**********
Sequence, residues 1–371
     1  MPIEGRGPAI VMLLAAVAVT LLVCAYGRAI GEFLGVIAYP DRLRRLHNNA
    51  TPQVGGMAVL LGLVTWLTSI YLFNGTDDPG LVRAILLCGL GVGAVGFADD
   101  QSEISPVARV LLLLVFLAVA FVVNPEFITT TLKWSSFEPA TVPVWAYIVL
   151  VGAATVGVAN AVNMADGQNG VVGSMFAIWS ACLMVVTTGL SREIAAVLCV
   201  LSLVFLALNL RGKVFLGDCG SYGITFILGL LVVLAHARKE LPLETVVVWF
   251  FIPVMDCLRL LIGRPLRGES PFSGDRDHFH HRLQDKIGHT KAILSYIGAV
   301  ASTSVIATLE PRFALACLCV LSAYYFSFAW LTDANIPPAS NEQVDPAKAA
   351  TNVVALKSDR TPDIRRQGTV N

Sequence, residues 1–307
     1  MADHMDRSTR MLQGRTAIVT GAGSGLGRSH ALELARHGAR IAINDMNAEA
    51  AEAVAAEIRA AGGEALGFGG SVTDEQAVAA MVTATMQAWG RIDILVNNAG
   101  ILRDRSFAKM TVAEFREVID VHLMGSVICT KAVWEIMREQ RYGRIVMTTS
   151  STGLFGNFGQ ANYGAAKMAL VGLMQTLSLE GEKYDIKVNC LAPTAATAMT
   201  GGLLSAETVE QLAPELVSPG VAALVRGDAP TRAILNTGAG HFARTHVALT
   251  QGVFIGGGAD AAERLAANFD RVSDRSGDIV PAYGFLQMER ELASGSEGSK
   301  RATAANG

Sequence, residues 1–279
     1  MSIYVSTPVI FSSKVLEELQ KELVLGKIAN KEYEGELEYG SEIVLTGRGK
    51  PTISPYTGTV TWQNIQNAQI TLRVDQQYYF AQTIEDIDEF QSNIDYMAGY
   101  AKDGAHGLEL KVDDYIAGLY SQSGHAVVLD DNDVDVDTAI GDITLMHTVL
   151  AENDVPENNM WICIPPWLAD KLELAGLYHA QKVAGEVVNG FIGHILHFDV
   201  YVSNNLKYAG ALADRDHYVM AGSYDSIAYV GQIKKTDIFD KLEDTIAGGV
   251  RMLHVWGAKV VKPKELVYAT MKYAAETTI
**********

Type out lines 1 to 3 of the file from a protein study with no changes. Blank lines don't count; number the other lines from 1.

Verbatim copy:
Sequence, residues 1–371
     1  MPIEGRGPAI VMLLAAVAVT LLVCAYGRAI GEFLGVIAYP DRLRRLHNNA
    51  TPQVGGMAVL LGLVTWLTSI YLFNGTDDPG LVRAILLCGL GVGAVGFADD